coal truck
A coal truck rumbles through an Appalachian town, bringing mining debris along.
Photo: Kent Kessinger, via

The folks who live and breathe rural Eastern Kentucky mountain air sure do put up with more than their share of abuse. The attitude of rural mountain people epitomizes “live and let live,” taking that phrase to uncomplaining, unbearable extremes. Consider what we put up with around here.

With the end of summer, the muck on the roads and highways will become thick, black and brown. We will get to deal again with the familiar black ooze that slaps up against our fender wells and car/truck doors during winter months. Covering the roadways and building up on the roadside berms, this sludge comes from the filthy, overloaded coal trucks that line the highways.

The trucks transport the muck from strip mines and mountain-top removal sites that are nothing but mud pits on or near the top of the mountain. This vile substance gathers in huge balls and chunks between the wheels and on the wheel cover flaps ““ if any are present ““ of the massive dump trucks and eighteen-wheel tandem coal trucks. They drop the black muck on the roads and, if we are driving close enough, on our windshields, too.

The song of the rural mountains — wheezing, sneezing, and coughing, caused by the airborne particles — can be heard throughout the year. The situation for allergy and asthma sufferers will wax and wane as the warm, dry days decrease. (Someday those sounds will be put to music, and the anthem of the Appalachian Mountains will be born.)

Kentucky childhood asthma
During 2000 and 2001, several Eastern Kentucky counties had a high incidence of children’s hospitalization for asthma, notably Pike (246 cases) and Harlan (143). Bell, Floyd, and Perry counties all had more than 100 cases. Secondhand smoke also contributes to childhood asthma, and the Kentucky Department of Health reported smoking rates of 40.6% in Southeastern Kentucky.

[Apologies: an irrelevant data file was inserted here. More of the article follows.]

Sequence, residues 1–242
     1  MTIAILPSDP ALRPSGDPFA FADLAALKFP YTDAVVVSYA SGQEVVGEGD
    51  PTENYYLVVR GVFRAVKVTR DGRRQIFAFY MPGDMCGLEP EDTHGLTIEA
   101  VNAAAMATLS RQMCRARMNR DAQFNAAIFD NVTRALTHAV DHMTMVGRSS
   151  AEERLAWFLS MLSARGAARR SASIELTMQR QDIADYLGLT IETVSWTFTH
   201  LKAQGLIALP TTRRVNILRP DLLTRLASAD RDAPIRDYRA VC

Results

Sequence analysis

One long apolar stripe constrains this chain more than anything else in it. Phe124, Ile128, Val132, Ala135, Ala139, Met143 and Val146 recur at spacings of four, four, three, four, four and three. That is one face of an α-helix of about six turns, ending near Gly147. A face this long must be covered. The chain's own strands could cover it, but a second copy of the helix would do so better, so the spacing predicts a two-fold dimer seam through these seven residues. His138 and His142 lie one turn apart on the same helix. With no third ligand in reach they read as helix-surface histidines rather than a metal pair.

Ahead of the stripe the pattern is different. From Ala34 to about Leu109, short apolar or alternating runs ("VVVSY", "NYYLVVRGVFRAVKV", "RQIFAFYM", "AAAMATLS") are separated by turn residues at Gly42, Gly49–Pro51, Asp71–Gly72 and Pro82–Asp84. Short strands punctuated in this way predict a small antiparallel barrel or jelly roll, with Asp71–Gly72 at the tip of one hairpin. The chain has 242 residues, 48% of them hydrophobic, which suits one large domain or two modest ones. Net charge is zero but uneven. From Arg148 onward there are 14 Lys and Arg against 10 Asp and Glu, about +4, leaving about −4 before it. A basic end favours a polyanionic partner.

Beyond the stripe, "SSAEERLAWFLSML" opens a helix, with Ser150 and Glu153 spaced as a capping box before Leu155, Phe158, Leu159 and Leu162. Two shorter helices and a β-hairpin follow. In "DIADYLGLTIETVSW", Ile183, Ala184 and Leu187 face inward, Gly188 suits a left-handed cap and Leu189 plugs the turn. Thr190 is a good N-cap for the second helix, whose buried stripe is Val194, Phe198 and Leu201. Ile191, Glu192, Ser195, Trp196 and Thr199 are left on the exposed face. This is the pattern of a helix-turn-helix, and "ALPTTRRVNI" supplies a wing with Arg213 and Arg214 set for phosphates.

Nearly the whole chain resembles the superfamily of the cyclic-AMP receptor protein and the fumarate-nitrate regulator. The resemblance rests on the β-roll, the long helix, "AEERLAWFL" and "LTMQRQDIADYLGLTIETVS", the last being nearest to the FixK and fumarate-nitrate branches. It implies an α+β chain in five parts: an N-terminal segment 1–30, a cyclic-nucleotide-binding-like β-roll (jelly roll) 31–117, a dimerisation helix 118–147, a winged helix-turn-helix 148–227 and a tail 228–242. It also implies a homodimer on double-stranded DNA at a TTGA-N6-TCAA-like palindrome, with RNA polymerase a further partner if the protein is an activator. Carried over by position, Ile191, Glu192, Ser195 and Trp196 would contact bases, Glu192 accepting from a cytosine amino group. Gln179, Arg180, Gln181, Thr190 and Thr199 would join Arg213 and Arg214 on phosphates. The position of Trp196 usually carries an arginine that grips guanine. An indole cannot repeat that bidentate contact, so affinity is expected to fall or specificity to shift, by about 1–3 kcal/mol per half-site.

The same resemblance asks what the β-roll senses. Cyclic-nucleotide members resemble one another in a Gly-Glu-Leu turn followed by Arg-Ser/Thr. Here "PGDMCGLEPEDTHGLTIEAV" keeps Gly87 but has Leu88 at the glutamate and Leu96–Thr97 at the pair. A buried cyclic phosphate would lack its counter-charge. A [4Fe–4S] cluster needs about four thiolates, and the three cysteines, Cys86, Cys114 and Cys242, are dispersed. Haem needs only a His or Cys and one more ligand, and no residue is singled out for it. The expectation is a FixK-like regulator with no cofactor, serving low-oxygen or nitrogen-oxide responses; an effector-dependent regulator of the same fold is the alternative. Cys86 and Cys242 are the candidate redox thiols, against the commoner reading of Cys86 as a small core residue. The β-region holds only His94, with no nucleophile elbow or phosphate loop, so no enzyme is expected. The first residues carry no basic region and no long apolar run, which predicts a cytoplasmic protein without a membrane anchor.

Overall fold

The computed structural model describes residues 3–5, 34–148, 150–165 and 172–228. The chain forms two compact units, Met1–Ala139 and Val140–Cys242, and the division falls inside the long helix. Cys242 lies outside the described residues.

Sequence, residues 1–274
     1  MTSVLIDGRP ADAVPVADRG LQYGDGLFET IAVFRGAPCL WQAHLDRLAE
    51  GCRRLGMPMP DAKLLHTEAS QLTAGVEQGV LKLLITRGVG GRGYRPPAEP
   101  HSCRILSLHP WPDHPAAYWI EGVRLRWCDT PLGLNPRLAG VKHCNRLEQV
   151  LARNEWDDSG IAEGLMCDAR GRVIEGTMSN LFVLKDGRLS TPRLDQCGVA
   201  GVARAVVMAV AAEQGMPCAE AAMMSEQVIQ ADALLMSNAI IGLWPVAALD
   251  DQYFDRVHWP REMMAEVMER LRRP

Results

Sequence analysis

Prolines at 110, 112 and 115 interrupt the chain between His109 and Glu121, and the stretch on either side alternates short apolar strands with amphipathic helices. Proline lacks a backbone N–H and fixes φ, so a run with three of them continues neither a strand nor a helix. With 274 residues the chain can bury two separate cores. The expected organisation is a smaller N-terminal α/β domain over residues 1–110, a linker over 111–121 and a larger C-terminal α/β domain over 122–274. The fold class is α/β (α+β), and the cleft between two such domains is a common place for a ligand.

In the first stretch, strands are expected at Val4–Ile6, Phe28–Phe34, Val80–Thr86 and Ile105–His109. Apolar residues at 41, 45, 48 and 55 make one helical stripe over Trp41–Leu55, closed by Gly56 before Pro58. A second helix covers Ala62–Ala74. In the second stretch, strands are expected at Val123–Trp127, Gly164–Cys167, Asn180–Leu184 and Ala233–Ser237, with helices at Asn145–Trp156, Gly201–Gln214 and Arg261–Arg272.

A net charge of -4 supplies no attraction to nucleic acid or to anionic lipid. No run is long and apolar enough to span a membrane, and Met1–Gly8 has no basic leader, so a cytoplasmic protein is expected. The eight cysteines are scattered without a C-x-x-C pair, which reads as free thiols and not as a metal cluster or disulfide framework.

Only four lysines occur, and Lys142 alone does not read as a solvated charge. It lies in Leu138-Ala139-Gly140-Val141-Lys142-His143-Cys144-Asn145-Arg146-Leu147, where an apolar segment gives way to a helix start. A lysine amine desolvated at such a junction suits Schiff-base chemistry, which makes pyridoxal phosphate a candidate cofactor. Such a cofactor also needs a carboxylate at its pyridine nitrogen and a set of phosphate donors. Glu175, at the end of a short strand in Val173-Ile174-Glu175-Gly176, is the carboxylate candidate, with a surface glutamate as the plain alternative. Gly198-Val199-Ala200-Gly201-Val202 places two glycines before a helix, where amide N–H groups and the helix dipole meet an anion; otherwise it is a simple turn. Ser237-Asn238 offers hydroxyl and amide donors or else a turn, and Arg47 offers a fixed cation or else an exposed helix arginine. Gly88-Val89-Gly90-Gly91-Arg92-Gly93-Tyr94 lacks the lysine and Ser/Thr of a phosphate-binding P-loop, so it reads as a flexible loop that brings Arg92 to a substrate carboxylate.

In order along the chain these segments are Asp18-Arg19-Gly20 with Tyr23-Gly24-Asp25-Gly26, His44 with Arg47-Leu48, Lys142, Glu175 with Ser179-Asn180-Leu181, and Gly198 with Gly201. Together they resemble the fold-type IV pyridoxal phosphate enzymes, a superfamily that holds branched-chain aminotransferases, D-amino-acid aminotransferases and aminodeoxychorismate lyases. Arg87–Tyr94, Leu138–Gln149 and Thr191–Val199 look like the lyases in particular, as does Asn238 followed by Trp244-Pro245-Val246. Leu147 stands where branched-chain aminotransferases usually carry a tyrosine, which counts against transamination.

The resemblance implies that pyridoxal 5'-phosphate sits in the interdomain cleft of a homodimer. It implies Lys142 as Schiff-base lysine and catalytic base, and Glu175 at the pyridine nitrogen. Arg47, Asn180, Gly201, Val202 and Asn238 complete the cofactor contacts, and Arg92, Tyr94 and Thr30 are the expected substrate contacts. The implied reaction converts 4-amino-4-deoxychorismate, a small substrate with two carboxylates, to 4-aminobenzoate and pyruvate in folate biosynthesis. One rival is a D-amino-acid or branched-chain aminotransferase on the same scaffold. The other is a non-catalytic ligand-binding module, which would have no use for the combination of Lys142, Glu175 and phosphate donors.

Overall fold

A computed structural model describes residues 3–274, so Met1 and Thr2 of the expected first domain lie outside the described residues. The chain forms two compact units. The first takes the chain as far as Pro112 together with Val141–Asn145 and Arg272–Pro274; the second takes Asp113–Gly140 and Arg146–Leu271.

Source: Kentucky Hospital Inpatient Discharge Claims, Kentucky Department of Public Health, Health Policy Branch, Prepared by the Kentucky Environmental Quality Commission

The tolerance level for torn-up roads, destroyed mountains, bad water, and a host of other abuses by the profiteers is so high here it’s almost unnatural. There is no other region in this country that would put up with the abuses we live with day to day. Is it that a job is more important than the health of our bodies and the quality of the way we live our lives? Or could it be that there are so many good things about living in the rural mountains that we tolerate the bad to the nth degree?

Someone may have the answer someday, but it’s for certain now that many outsiders are amazed at the way we continually tolerate the destruction of our region’s beauty, resources and people with so few complaints. “We take a lickin’ but keep on tickin’” ““ it’s as if we were following that as good advice. Many wonder how long we can keep on “tickin” before our mountain region begins to wind down or even stop. If the environmental abuse does not cease, it’s only a matter of time before we will be without clean water, fresh air, and stable land on which to place a house.

The candidates for governor in Kentucky have, for the most part, remained silent on the issues impacting the Appalachian Mountains. The front-runner, Democrat Steve Beshear, has not issued any strong statements that point to improving the situation here. His campaign has said nothing about the coal truck abuses, the contaminated water, or quality of life issues. If Beshear is to be the next Governor of Kentucky, he needs to tell Eastern Kentuckians that things in the mountains will change for the better.

A statement from the Beshear campaign noting, “Kentucky’s current regulation of mountain-top mining and removal is adequate” just doesn’t fly. Kentucky’s next governor will have to do better. Kentucky’s next governor will have to demonstrate courage and show his support for the Appalachian Mountains and the mountain people.

Roger C. Noe, former chair of the Kentucky House Education Committee, is Academic Dean of Southeast Kentucky Community and Technical College. He lives in Harlan County.

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